IT and Networks

Navy holds to course with CANES tactical network

The Navy is holding to course with its long-term plan to deploy an advanced at-sea network on board its warships and at coastal facilities. The ambitious Consolidated Afloat Networks and Enterprise Service, or CANES, aims to create a shipboard tactical network that equips vessels and shoreside facilities with improved information assurance, firewalls with intrusion detection capabilities, and an adaptable IT platform.

CANES is designed to replace and consolidate the functions of five separate legacy command, control, communications, computer, and intelligence systems into a single integrated software-based platform. Based on commercial-off-the-shelf products and an open architecture, CANES is expected to supply the Navy with a fully adaptable IT platform that will meet its IT and network needs for many years, perhaps even decades. Since CANES specifically targets the Navy's IT systems and networks, not core naval functions, the project doesn't cover combat systems or machinery control networks.

So far, so good

The Navy launched CANES in 2010 by announcing its goals and calling for bidders. Northrop Grumman and Lockheed Martin initially competed for the opportunity to become the project's single prime contractor. When the Navy made its decision in early 2012, Northrop Grumman was selected to develop the initial CANES plan.

In August 2014, the Navy Space and Warfare Systems Command (SPAWAR) raised the CANES stakes by awarding full production contracts, with an estimated cumulative value of $2.5 billion, to five vendors that agreed to compete for individual delivery orders throughout the life of the contract. The final eight-year indefinite delivery, indefinite quantity contracts were issued to BAE Systems Technology Solutions and Services, General Dynamics C4 Systems, Global Technical Systems. Northrop Grumman Technical Systems, and Serco. In January 2015, the Navy added CGI Federal and DRS Laurel Technologies.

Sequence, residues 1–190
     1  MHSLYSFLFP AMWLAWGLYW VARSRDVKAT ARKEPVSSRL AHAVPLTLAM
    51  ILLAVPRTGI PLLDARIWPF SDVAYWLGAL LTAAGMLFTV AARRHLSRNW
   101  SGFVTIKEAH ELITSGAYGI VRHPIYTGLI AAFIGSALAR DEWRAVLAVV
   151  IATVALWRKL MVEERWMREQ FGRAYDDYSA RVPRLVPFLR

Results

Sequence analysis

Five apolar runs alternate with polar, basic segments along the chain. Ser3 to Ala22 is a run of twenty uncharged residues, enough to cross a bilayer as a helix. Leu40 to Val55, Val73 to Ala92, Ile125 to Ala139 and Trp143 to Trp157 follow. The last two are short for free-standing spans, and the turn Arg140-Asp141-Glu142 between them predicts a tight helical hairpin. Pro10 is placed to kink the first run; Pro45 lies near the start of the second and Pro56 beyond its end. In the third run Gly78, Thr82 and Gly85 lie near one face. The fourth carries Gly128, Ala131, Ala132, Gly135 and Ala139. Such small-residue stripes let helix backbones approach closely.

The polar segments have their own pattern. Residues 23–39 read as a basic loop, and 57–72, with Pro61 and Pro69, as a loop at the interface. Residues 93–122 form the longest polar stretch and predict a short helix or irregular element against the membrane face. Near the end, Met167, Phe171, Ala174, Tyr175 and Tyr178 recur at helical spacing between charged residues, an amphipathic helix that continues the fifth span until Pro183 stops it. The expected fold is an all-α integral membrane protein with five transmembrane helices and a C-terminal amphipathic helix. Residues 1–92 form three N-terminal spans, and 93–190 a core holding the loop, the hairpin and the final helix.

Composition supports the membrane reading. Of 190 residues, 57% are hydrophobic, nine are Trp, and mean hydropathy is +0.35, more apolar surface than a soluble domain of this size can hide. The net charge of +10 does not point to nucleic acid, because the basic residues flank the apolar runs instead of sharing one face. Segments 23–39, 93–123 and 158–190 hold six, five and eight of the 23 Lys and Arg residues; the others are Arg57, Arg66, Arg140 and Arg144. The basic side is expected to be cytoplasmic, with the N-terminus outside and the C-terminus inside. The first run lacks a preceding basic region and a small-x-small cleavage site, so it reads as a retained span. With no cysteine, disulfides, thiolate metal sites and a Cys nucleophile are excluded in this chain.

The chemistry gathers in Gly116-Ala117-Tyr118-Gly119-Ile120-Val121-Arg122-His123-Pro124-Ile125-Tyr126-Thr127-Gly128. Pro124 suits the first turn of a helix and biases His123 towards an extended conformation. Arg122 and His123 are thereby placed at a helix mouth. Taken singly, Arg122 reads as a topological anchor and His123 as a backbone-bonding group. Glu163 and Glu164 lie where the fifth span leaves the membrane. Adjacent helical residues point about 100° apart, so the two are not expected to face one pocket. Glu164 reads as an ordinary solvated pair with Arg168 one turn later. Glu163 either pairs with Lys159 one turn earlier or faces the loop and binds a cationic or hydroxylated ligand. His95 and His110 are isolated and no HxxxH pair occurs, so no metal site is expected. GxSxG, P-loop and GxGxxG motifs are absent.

Each vendor committed to building a single destroyer-class system for the Navy and would then compete for work during the rest of the program. The Navy expects to install CANES on nearly 200 vessels by August 2022 under SPAWAR management. PMW 160, the Navy's Tactical Networks Program Office, is in charge of designing, acquiring, modernizing, and ultimately deploying CANES.

In February 2016, USS Nimitz (CVN 68) became the latest aircraft carrier to receive a CANES upgrade to its network infrastructure. As with other CANES deployments, the system is expected to improve the speed of the network and Internet access to all hands aboard Nimitz.

The Nimitz system includes approximately 1,300 new workstations that are designed to help sailors both professionally and personally by allowing them to conduct research, manage their time through the use of installed software, enhance qualifications, and generally improve their morale.

Sailing ahead

Deployment is going very well, said Capt. William "Ben" McNeal, program manager, Tactical Networks Program Office (PMW 160), Navy Program Executive Office C4I.

"Since the first ship installation on USS McCampbell was completed in November 2013, CANES has been installed on 29 surface ships, including three aircraft carriers and two amphibious assault ships," he said. McNeal noted that the Navy has also started incrementally installing CANES on submarines. "By that I mean that we have installed the rack infrastructure that will support future CANES hardware and software installations on two ballistic missile submarines and one fast attack submarine," he said.